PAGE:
Pix’n Love Rush Review

Pix’n Love Rush Review

May 31, 2012

Pix’n Love Rush is a game that celebrates all things retro. Retro-style pixels are everywhere in this multi-variate platformer.

The meat of the game is the Classic Rush mode, where players navigate short platforming sections, with the goal being to collect coins and kill enemies, while not scrolling off the screen, and avoiding the angels. High scores are the goal, and the way to get them is by keeping combos going, by collecting coins and destroying enemies all in a row, without hitting the negative coins, or hitting enemies, which decreases the combo by one level. Killing all enemies and collecting all coins in a section grants a 10000 point bonus that can be multiplied. Keeping an x10 bonus is the way to get high scores, but with the tricky level layouts, this is not easy.

The other modes are more basic and all involve different auto-running mechanics. Cursed Rush has players trying to navigate one of 5 extremely difficult auto-running platforming sections. Rainbow Rush lets players jump up, and they must try to avoid the walled parts of the 4-tier playing field. Finally, On-Off Rush has players running one direction to collect sun pieces while the sun’s up, then flipping around to collect moon pieces when the moon’s in the sky, while trying to avoid the other type of piece. Combos in this mode go toward collecting extra time.

The game is a must for anyone who loves retro 80’s gaming style, because it is chock-full of it. It’s not just the pixel art, the way the graphics shift also recall classic video game consoles and even the original Game Boy and Virtual Boy. Yes, the Virtual Boy, lest we ever forget the time when Nintendo made us see red, and then not see anything because the thing blinded us. The wide variety of game modes ensure plenty of replay value, along with the fact that they’re built for repeat play and high score chasing.

Controls are the issue here; the virtual buttons are small, and I regularly mis-hit buttons. Larger touch-enabled areas and even Bluetooth controller support would help out a lot with this. It’s a shame, because the controls were less of an issue in the iOS original; ironing these out is all that stands between me and a full recommendation for this game. Still, for those willing to deal with some occasional control hiccups, this is a retraux masterpiece.

Babel Rising Review

Babel Rising Review

Jan 4, 2012

Would you imagine that it’s possible to make a game about a God smiting humans as fast as possible without it being tasteless? Well, the team at Bulkypix took that challenge and have succeeded. Babel Rising is daring in concept, cute and hilarious in execution — pun intended.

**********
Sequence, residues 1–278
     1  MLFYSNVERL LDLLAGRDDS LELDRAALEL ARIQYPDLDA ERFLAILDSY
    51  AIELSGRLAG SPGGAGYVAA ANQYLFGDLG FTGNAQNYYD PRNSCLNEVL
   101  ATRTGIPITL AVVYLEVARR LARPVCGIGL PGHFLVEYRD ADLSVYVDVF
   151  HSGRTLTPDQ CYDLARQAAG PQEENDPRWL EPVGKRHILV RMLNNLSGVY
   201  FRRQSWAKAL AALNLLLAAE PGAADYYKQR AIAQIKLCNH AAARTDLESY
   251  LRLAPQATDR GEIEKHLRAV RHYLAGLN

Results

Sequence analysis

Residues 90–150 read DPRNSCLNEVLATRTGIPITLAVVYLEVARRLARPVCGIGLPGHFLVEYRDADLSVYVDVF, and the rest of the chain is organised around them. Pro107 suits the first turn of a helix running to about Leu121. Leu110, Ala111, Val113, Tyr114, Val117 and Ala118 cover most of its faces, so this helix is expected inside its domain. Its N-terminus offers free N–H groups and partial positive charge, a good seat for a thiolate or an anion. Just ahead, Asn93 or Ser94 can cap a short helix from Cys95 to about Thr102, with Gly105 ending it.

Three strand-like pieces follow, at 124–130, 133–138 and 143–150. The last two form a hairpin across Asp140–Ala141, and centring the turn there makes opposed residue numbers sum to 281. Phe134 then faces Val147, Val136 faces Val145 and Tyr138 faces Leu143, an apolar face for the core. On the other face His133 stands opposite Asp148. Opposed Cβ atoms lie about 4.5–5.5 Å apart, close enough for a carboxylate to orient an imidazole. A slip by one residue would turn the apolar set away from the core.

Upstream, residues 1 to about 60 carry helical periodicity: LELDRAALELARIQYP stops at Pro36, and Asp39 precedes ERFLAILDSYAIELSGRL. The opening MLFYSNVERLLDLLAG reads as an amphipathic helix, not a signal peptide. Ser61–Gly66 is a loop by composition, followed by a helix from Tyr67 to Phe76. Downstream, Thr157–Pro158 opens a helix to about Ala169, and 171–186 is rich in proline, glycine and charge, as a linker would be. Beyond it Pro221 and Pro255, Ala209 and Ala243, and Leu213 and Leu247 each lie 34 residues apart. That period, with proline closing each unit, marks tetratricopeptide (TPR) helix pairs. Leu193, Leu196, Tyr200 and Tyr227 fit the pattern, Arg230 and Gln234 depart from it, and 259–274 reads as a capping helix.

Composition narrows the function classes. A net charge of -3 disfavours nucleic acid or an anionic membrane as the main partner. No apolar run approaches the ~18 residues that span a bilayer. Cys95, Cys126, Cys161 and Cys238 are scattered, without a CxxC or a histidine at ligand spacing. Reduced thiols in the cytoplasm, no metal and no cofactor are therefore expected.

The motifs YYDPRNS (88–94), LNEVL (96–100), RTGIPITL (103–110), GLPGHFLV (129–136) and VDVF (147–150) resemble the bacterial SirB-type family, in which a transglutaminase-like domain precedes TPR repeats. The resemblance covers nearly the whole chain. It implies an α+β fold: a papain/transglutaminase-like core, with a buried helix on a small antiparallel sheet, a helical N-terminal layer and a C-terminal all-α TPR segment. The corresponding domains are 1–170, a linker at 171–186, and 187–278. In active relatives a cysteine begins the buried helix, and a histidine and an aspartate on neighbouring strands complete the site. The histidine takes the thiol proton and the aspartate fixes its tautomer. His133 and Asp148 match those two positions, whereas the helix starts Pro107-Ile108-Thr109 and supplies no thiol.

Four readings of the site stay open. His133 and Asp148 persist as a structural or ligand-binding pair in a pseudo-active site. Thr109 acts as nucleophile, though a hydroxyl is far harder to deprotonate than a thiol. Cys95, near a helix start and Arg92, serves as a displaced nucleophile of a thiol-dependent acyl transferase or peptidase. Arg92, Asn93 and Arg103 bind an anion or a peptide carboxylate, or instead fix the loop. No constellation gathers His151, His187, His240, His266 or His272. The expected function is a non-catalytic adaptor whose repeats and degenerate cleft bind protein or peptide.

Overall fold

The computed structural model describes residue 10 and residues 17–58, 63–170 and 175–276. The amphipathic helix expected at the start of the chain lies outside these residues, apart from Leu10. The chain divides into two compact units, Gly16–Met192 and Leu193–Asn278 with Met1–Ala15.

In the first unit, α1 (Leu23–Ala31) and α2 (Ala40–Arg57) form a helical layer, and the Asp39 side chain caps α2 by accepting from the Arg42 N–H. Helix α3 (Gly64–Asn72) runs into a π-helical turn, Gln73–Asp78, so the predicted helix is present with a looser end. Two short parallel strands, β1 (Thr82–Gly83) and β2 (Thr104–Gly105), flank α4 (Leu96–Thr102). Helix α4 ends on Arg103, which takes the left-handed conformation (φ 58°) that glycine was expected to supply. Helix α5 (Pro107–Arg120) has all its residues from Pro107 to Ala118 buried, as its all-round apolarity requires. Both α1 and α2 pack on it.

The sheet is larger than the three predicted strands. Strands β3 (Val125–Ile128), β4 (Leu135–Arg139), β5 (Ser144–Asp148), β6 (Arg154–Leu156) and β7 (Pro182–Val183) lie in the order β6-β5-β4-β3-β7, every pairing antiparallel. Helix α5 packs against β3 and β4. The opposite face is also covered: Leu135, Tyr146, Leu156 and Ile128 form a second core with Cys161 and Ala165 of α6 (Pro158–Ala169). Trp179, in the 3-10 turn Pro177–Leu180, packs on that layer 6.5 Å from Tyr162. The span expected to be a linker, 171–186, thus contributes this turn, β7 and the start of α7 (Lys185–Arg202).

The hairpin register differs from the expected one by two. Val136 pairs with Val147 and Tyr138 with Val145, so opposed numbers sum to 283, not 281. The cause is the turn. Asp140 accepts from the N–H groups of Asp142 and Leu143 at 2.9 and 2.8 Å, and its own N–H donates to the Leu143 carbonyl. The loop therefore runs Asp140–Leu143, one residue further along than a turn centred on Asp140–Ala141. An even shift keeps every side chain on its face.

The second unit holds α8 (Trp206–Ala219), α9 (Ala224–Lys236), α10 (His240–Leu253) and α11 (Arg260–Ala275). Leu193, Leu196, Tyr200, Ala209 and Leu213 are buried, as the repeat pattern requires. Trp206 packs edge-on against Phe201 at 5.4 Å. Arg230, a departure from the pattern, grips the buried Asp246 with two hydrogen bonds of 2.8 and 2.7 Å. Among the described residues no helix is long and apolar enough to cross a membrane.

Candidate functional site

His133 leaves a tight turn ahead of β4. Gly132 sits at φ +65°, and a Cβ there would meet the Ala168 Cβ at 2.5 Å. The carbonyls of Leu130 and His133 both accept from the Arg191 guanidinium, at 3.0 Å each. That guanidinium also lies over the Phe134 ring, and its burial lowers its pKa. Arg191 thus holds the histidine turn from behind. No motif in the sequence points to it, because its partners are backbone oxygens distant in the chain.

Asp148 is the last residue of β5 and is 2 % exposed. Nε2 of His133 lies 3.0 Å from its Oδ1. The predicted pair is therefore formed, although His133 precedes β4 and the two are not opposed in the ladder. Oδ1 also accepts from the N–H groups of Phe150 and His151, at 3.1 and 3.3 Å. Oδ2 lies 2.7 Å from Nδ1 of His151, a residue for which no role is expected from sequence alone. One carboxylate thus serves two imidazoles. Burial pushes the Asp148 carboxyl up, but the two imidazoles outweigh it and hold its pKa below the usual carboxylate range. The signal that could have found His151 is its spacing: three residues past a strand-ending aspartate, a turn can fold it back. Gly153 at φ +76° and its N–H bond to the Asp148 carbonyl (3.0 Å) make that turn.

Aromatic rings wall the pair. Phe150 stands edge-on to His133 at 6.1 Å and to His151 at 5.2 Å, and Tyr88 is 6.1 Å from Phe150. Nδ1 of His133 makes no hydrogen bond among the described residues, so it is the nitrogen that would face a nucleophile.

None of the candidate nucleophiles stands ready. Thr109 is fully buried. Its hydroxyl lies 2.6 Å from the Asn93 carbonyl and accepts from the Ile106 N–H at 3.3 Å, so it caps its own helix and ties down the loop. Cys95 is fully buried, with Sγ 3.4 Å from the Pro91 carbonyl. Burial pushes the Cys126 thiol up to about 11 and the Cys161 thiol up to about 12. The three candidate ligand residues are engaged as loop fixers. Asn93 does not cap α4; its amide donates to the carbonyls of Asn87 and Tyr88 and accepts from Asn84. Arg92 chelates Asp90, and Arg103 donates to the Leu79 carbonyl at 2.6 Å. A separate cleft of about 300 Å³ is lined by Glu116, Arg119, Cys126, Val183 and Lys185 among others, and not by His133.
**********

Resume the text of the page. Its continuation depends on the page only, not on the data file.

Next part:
In Babel Rising you play as a god, and the humans over which you rule have had enough. As in the biblical story of Babel, they decide to build a tower up to the heavens, to meet with you and ask what the deal is with life, the universe, and everything. But, you are a vengeful god and want none of that. So the goal of the game is to kill the humans before they can build their tower high enough to reach you in the sky. You have a variety of mystical powers at your disposal, all reminiscent of those events which we refer to as Acts of God. There is Lightning, Wind, Flood, a Rain of Fire, and Earthquakes. These all take varying amounts of time to load, you so must be strategic in your use of them. There is however also the Finger of God, which you can use to smite the humans one at a time. A simple tap and the little builder falls apart bloodlessly. Each of the other attacks have a specific gesture that commands it, and there is finally a bonus attack where you can destroy a level of the tower with one blast from the god’s eye. And again, you would assume that a game like this would verge into tasteless territory, but I’d have to say that your mileage on that will vary. The tiny humans are cute and merely look surprised when they fall apart or are swept away by a wave.

The developers have also made sure that the game will not get old quickly. There are four modes of play, and each is different. Classic is the version I mentioned above. Divine is the same game, but now Lightning is your fastest power, and you have the new power of the Burning Bush (lighting it sets the nearest humans on fire). The next option is Fury, and this time the workers are immune from some attacks, depending on their type. They are actually meant to be damned souls trying to escape from Hell, which explains why they might be resistant to lightning. And the final mode is Campaign. Each stage sets you with a specific goal to complete before you can advance to the next. An example is a countdown clock during which you have to smite as many humans as you can. You can also earn coins which you use to increase the strength and range of your attacks.

The coolest thing about the game, in my opinion, is the simple fact that no matter what the humans will get to the top. The game will just fill the screen with builders until the point that you simply cannot stop them from building. You can become incredibly skilled at slowing them down with your weapon use, but no matter what, the humans will eventually reach the top. Rather than being discouraging, it is instead exciting as you see how long you can hold them off for.

The game is a little buggy at times. On a few occasions it has thrown so many little men at me that it can’t render its own handiwork and freezes. I’ve lost entire game files to that error; the men were all frozen in place and I was unable to kill them. I was forced to begin a new game to get around it. very frustrating. In fact, as I was playing the game while writing this review the game froze and even after I exited, the music continued to play. It was a bit eerie, hearing the little builders continuing their word behind the scenes.